5. Patient payment The next phase occurs when the provider sends the patient a statement for their portion of financial responsibility. This stage occurs once the provider and payer have agreed on the details of the claim, what has been paid, and what is still owed.
The last step occurs when a patient pays the balance that they owe the provider for their care. Depending on the amount, the patient may be able pay it all at once, or they might need to work with the provider on a payment plan.
The above example represents one way the lie cycle of a medical bill can play out. Some of the ‘phases’ are often repeated. Because of the complexity of healthcare payments and the parties involved, there is not always a ‘straight line’ from patient care to complete payment. That’s why we call it the revenue cycle, and there are companies that provide systems for its management.
One of EZClaim’s partners, Waystar, aims to simplify and unify healthcare payments. Their technology automates many parts of the billing process laid out above, so it takes less time and energy for providers and their teams, and is more transparent for patients (Click here to learn more about how Waystar automates manual tasks and streamlines workflows.) When the revenue cycle is operating at its most efficient, providers can focus their resources on improving patient care—and that’s a better way forward for everyone!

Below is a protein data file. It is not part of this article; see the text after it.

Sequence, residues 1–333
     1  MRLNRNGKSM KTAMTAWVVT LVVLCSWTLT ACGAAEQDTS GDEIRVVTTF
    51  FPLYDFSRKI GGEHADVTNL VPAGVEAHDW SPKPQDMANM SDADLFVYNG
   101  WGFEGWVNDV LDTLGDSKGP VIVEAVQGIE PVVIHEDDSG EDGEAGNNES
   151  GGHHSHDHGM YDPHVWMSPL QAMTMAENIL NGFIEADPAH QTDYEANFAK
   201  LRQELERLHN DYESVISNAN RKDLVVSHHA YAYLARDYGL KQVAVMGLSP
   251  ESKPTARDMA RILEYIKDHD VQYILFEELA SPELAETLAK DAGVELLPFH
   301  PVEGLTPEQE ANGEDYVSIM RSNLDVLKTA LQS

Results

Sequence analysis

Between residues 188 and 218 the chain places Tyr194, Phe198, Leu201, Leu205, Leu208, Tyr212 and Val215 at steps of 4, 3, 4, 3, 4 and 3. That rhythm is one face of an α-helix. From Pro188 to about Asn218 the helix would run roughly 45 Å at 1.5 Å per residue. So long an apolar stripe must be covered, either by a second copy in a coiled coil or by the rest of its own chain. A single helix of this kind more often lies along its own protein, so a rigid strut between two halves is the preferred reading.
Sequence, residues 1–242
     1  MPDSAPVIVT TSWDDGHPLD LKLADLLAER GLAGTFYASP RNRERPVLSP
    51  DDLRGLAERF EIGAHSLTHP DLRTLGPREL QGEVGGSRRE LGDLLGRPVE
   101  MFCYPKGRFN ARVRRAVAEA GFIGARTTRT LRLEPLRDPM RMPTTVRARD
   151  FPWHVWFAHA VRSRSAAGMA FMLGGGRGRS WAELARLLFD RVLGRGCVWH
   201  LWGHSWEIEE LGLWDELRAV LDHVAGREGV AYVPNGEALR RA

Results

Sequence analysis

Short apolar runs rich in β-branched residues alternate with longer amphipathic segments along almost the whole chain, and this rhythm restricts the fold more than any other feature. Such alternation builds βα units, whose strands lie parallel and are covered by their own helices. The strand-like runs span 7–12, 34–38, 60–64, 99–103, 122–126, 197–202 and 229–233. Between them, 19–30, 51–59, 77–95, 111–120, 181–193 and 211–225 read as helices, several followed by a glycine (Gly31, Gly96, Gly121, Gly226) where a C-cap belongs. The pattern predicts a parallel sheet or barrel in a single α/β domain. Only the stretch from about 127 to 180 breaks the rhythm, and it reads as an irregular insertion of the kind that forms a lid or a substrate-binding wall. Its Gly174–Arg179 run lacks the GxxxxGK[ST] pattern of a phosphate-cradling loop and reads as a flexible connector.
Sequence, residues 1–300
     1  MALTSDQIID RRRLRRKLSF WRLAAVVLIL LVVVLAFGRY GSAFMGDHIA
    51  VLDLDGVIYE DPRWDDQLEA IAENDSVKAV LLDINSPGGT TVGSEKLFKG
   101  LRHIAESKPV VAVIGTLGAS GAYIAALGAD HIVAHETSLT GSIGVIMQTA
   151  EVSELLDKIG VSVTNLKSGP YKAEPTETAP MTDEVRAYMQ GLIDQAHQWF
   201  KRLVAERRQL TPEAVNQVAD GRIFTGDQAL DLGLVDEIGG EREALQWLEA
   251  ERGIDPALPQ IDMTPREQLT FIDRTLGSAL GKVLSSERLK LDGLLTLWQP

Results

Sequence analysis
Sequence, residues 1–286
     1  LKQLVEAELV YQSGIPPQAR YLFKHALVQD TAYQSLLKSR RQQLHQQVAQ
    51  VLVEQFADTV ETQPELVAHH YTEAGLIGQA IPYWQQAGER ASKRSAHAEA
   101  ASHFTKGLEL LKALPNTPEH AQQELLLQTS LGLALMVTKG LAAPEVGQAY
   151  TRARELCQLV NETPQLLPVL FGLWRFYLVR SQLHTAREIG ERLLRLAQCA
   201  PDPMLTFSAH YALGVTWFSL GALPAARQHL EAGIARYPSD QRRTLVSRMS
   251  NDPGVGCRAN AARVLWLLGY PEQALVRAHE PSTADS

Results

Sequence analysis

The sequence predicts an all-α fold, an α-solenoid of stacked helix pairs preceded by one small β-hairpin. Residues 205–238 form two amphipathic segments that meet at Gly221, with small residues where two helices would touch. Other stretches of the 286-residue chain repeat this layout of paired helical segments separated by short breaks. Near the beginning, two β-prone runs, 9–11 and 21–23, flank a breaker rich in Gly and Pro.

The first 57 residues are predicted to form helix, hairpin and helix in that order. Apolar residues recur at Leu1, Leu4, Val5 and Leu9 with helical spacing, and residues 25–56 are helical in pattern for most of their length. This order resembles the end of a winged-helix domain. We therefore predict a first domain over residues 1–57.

For more information of how Waystar works together with EZClaim, click here.
[ Article and image provided by Waystar ]
ABOUT EZCLAIM: EZClaim is a medical billing and scheduling software company that provides a best-in-class product, with correspondingly exceptional service and support, and can help improve medical billing revenues. To learn more, visit their website, e-mail them at firstname.lastname@example.org, or call a representative today at 877.650.0904.
Reserve your place for a webinar that will inform you on how to increase your revenue with a proper medical billing verification strategy.
With increased patient financial responsibility, it’s extremely important to proactively check your patients’ benefits coverage and provide payment estimates to avoid any unexpected costs. By enhancing your medical billing verification strategy and providing patient financial transparency upfront, it increases the likelihood that you’ll rake in more revenuethis season.
Join EZClaim and TriZetto Provider Solutions, a Cognizant Company, for a webinar on Thursday, October 29, 2020 at 1 p.m. ET, to discover strategies your practice can catch falling revenue through seamless integration and automation.
During This Webinar We Will Discuss:
• Patient Responsibility Estimation: Quickly obtain patient financial estimates at the point of service to help increase patient revenue, decrease billing costs, and improve patient satisfaction through price transparency.